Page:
Ibrahim Saoud considers himself a man of faith who is trying to live a life that leaves the world a better place.
“That’s what it’s all about, trying to do what you can to make things better for somebody else, especially people who are in need,” said Saoud, 31. “That’s something we should be doing all the time, helping out where we can.”
Saoud, like more than a billion Muslims around the world, has been pushing himself to do better and be better during the Islamic holy month of Ramadan. As they prepare to celebrate the Eid al-Fitr (the end of the month) this week, they are facing a new challenge — how to keep the spirit of Ramadan alive throughout the year.
During Ramadan, the holiest month in the Islamic calendar, Muslims fast from sunrise to sunset, typically having a light meal before dawn and coming together at sunset to break the fast. The days are punctuated by prayers, and the Islamic holy book — the Quran — is read at least once in its entirety before the month ends.
Ramadan is a time of worship, contemplation and increased charity. It is also a time to strengthen family and community ties. It marks the time when the Quran was revealed to the Prophet Muhammad.
At the Akron Masjid, the mosque where Saoud attends prayer services, leadership has been working to identify opportunities that help keep members on the right spiritual path beyond Ramadan by meeting needs in their Old South Main Street neighborhood. Some of those activities include an organic community garden, maintaining a flower garden via the Keep Akron Beautiful initiative, offering community dinners and volunteering at the Catholic Worker-Peter Maurin Center.
“Both of our faiths command us to take care of the needy and our hope is that we will continue the relationship that started a year ago when [Saoud] stopped by to see if there was something his community could do to help,” said Joe May, who was instrumental in establishing the drop-in center that provides hot meals on Tuesdays, Fridays and Sundays and a Matthew 8:20 ministry to provide food to the homeless under the All-America Bridge on Saturdays.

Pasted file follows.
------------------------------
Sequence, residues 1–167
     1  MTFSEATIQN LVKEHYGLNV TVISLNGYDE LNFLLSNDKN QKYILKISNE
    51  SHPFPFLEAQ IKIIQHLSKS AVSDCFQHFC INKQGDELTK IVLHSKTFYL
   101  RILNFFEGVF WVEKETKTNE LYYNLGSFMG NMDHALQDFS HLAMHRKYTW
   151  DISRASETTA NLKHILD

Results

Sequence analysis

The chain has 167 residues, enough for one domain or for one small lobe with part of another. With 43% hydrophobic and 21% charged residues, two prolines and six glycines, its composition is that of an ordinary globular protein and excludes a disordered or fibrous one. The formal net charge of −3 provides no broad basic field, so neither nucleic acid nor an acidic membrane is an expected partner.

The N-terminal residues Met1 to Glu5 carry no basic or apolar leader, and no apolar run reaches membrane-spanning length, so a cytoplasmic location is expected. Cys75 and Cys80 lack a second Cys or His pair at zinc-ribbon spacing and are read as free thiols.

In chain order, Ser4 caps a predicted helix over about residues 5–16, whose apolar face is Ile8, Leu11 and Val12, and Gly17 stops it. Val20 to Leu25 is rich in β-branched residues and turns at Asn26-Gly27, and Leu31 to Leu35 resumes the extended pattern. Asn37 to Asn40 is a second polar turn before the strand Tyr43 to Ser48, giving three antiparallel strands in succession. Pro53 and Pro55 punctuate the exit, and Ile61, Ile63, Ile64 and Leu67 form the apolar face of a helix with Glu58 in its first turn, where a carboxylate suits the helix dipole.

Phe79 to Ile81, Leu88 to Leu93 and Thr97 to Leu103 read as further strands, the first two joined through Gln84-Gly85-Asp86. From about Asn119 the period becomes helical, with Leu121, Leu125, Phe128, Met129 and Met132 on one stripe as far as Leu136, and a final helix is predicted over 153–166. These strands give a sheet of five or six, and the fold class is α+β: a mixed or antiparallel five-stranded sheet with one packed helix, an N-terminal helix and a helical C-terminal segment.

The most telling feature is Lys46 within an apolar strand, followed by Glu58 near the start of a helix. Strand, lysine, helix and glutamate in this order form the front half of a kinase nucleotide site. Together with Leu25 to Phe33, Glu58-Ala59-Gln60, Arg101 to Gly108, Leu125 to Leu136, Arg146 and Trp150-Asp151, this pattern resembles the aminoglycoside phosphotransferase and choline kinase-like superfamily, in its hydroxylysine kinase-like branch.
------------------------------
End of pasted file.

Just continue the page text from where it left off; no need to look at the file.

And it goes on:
Abdulkareem Melaiye, president at the masjid, said his faith community made a conscious decision last Ramadan to keep the positive impact of the holy month alive throughout the year. The community’s newly constructed prayer hall has provided more room to do more.
“During Ramadan, people have a high level of spirituality. The expansion of the masjid has given us space to accommodate more people for prayer and fellowship,” Melaiye said. “We have been at full capacity during the breaking of the fast. We are trying to encourage people to continue a life of devotion and charity throughout the year.”
The Ramadan fast (sawm) is one of the five pillars of Islam. The other tenets are shahadah (faith in God); salat (five daily prayers); zakat (charitable giving) and hajj (pilgrimage to Mecca).
A recent Pew Research Center survey shows that fasting during Ramadan is the second most observed of the five pillars. The most observed is faith in God (Allah) and that the Prophet Mohammed is his messenger.
“Most people who are not Muslim tend to focus only on the fasting,” Saoud said. “They know that during Ramadan, we don’t eat or drink anything during daylight hours. But what they sometimes don’t know is the fasting is a way to push us to a new level of self-discipline and to help us renew our commitment to God.”
For more information about the Akron Masjid, go to www.akronmasjid.com or call 330-374-9799.
The Akron Masjid and the one in Kent are part of the larger Islamic Society of Akron and Kent (ISAK), which operates the largest Islamic facility in the area: the Islamic Community Center in Cuyahoga Falls. The smaller mosques exist, in part, as convenient locations for Muslims who live in those areas to attend prayer services.
There are also mosques in Canton and North Canton and Muslim Student Associations at local universities, including the University of Akron and Kent State University.
On Thursday, Muslims from the entire community are expected to gather at the center in Cuyahoga Falls to celebrate the end of Ramadan.
Islam, one of the fastest-growing religions in the world, is projected to include 2.2 billion followers by 2030, according to the Pew Research Center’s Forum on Religion and Public Life, which estimates the world’s current Muslim population at more than 1.6 billion.
Of the nearly 8 million Muslims who are estimated to live in the United States, more than 10,000 are in the Akron-Canton area.